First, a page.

Recently I asked Brigid Sullivan about her experience acting in Pioneers In Petticoats. Here is what she told me.
What was your journey towards becoming an actor?
First; my father was an art director so I was on shoots and sets as a young child, and I wanted to do what Dad did. Secondly, as a child, I really responded to the element of make-believe and believing in the moment and loved it. Thirdly, I had begun classical ballet, was very keen on it and showed some aptitude, but at 12 or 13 I started to do theatre. Comparing it with ballet, I thought acting seemed easier and it didn’t force you to make a choice at a young age about what you wanted to do that you might not be physically suitable for.
I trained at the Ensemble Theatre and am a firm believer in the benefits of following the discipline of a three year course of training, though its not for everyone. It also gives you some tools in a very competitive tough profession. I was fortunate to have been at the Ensemble when Hayes Gordon was there; he was inspirational and a pioneer in Australian theatre.
What is your theatre background? After the Ensemble training, I became part of the Studios Rep run by the Ensemble at the old Independent Theatre, now taken over by Wenona School. I did a couple of shows with them, then a few years with a touring Shakespeare company, then found my way into film, and some soapies. Casting directors were often very friendly and liked the Ensemble actors, so they gave newbies bit parts to enable them to apply for an Equity card which you needed before you could get work. Then in the early nineties I went to the UK, based myself in London, and worked there. I toured around the British Isles in some traditional and some experimental plays, mostly playing English and American roles so my accent skills came in handy. I chose England above the US on the practical basis of being able to get a working visa for England.
I ended back in Australia because I eventually became homesick for my family and friends. I found work and then met my husband. Really, I came back for my family, the weather and the lifestyle! England is a much larger market so you do get more consistent work. Back here, having overseas experience can be resented by some people, but by and large it does help, because you are confident that you can get work in that larger market place. And in England there is more work to see, and you have access to European work too.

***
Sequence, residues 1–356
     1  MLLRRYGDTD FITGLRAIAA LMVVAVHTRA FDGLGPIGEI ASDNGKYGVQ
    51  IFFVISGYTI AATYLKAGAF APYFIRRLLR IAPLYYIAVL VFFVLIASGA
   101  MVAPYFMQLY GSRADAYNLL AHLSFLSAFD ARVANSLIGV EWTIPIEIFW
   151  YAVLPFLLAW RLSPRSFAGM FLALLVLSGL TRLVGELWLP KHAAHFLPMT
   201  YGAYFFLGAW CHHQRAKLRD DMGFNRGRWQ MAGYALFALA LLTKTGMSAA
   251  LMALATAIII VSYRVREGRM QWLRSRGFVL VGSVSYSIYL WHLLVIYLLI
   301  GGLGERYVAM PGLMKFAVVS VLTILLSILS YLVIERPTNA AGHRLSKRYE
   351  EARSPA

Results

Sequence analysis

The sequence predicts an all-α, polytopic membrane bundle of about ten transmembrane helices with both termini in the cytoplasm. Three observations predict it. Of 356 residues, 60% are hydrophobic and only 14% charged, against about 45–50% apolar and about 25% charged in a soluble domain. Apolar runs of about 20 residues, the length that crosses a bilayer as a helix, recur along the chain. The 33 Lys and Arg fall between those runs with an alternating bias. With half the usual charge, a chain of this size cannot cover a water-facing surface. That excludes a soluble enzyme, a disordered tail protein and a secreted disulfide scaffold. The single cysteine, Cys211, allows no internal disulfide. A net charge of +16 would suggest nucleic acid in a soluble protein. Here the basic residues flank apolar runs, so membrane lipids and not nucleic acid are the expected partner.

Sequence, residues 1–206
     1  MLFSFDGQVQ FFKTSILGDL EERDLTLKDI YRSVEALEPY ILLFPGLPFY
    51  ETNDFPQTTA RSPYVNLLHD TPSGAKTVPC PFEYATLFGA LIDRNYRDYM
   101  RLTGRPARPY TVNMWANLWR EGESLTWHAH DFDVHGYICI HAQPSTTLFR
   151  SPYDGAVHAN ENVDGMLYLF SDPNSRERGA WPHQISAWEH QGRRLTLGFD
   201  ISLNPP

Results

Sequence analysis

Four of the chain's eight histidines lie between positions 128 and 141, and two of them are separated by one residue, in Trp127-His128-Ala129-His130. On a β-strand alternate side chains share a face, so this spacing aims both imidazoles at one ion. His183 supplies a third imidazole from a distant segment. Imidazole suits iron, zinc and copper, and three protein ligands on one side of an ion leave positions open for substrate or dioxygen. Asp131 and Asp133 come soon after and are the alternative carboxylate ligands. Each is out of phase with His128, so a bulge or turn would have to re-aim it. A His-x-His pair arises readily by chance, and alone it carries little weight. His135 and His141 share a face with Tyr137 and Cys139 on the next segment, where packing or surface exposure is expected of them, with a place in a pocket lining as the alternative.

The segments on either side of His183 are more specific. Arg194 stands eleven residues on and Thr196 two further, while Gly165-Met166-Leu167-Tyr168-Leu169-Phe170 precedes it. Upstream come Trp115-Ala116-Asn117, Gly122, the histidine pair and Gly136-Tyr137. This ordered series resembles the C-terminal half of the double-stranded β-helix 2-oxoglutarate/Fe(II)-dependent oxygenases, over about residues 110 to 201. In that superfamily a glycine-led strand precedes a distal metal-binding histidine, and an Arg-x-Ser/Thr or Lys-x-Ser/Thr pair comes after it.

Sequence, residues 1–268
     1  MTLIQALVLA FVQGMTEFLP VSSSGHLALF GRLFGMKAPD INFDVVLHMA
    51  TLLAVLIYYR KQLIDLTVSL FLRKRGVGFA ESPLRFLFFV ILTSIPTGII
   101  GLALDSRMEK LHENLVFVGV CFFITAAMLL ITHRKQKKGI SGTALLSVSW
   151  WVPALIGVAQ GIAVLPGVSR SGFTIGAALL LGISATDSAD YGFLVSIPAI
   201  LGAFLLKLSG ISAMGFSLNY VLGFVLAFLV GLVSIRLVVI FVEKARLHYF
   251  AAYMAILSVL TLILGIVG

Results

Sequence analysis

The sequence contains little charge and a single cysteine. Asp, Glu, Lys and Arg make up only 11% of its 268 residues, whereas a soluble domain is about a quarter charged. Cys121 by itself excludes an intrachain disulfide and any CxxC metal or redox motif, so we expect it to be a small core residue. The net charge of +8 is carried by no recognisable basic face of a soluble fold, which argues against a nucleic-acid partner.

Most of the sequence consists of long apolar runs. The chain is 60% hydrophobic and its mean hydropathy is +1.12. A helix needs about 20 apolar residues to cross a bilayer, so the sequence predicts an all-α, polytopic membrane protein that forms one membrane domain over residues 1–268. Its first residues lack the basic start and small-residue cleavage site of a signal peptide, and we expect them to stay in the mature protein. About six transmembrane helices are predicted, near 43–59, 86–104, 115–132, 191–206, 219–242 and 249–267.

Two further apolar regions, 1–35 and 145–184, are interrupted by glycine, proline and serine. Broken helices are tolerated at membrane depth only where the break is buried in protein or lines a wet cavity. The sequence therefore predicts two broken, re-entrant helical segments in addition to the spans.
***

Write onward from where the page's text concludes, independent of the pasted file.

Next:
What do you enjoy about being an actor? The audience response. It is much more immediate when you are in live situations, but in film and other media you still get that feedback but at second-hand, and later. With a younger audience, children are more open to coming along with you for the ride.
I also love the chance to take people out of themselves for a brief moment. As an actor you’re not solving cancer, or building a building, doing something huge. But you can take someone to another place. As performance media have changed, you can now work with people who have jobs in intensive care, to train them, help them manage their stress levels and do their jobs better.
Stage, screen or both? Both; they are different media and give you different sorts of satisfaction. With digital media now you can go back and fine-tune your performance; when it was film-based you rarely got a second chance. In screen media there is the discipline of acting while so much technical stuff is going on around you, for example placing something on a table without it looking weird because the camera is focussed on a particular spot from a specific angle. With onstage work, the feedback and buzz when a shows goes well is an amazing adrenalin high.
What attracted you to audition for this show? I loved the sound of the stories; they seemed to be real story-telling by the camp-fire, and exciting because of that. The wording of the audition notice was also very clear and professional, showing that the company understood the process of putting on a play and had respect for people in the process. I had also known about Wendy’s prolific writing output in books and at Marian Street Theatre for Young People, and liked the idea of working with people from different generations I like challenging self.
Have you done any other shows like this? I haven’t done a one-woman show before apart from stand-up comedy. I have played multiple roles in shows but only with other actors.